Question: I am from Florida and my old stomping ground is Lake Kissimmee….I moved to Kentucky and my son is on the high school fishing team and we are having a hard time figuring out the winter fishing. Can you give me some hints? -Dennis
Man, do I know your struggle! I lived in Florida during my formative years as an angler, and when I started fishing tournaments outside of the Sunshine State, I realized that Florida fishing was a different animal from the rest of the country, and that I had a lot to learn about the habits of fish in other regions.
Here are some of the things that I have learned that helped me in my transition, especially when it comes to figuring out wintertime fishing outside of the state of Florida.
The biggest thing that I must point out about the Florida fishing and the fishing in a place like Kentucky is that the lakes are completely different.
Florida is unique in the fact that almost all the lakes are natural, not man-made reservoirs. Lakes like Kissimmee, Okeechobee, Harris, Istopoga, and many others, are all natural lakes, and the fish act very differently than they do in reservoirs like you will see in Kentucky.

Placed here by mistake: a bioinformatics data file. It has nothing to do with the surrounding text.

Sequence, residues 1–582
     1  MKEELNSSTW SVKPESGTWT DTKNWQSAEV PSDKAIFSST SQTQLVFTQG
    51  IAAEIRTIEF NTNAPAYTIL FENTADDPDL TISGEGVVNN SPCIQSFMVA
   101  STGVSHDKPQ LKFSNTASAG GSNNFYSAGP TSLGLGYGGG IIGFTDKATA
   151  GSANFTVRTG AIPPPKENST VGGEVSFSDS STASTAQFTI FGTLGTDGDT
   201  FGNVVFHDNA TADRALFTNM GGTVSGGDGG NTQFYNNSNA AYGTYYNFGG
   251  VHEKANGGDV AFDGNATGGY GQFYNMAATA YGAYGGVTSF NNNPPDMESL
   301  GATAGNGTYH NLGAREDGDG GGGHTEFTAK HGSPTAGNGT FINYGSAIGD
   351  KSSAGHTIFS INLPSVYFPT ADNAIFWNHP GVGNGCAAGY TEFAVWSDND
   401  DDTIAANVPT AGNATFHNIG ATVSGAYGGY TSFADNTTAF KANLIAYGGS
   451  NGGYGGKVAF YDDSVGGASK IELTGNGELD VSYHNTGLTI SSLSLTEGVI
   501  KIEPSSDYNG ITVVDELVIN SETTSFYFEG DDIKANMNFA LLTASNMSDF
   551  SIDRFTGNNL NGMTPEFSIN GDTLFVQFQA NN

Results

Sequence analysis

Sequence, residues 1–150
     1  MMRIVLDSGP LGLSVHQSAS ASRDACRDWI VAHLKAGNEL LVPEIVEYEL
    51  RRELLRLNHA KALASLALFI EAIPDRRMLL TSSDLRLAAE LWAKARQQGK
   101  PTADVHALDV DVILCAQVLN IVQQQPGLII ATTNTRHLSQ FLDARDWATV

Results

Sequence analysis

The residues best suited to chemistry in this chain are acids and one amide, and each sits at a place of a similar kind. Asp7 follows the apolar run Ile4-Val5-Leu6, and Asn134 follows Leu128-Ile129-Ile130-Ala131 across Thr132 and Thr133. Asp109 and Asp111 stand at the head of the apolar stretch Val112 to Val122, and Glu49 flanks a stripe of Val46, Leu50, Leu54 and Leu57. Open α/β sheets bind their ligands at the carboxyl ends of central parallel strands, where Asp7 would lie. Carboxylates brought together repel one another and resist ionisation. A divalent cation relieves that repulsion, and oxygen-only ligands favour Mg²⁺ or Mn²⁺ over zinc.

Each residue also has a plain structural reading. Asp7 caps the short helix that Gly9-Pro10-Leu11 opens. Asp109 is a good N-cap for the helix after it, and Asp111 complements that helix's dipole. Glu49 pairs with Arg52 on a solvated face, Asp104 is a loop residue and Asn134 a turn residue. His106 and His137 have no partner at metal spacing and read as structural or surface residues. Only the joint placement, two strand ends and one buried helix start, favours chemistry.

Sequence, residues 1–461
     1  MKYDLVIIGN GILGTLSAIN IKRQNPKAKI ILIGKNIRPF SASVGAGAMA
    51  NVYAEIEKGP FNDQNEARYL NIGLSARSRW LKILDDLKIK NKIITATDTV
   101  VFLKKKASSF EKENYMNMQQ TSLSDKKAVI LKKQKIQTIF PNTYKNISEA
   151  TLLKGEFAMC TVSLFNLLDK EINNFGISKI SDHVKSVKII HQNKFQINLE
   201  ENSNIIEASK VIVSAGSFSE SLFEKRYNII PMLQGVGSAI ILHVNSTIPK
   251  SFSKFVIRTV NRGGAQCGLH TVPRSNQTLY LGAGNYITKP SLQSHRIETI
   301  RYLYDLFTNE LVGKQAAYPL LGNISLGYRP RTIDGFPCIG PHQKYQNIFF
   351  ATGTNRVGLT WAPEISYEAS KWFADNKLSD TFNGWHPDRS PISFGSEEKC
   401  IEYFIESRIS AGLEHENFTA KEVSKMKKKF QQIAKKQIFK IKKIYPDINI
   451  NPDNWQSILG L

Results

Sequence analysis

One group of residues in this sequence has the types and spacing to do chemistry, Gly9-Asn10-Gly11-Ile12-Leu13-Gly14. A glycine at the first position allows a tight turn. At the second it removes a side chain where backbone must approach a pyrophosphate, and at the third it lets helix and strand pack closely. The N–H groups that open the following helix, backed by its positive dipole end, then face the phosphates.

To read more about natural lakes check out my blog on the subject HERE
As a Florida fisherman at heart, the biggest piece of advice I have is to remember that in reservoirs fish move much more, but yet have very predictable movements that are driven by the seasons.
In Florida, we have very residential populations of fish that tend to stay in a general area. A place like Jack's Slough on Kissimmee, or the Monkey Box in Okeechobee are areas that fish will live all year round, and they don't move too much, because the water temp is suitable, the cover is present, and most importantly the bait is available.
In a reservoir, like Kentucky lake for example, the fish will travel miles between their different seasonal locations, because the bait (usually shad) is more nomadic than in natural lakes. This can be frustrating because in Florida fish will often live their whole life cycle within one area, while on reservoirs where you find them one week may not be where they are the next week.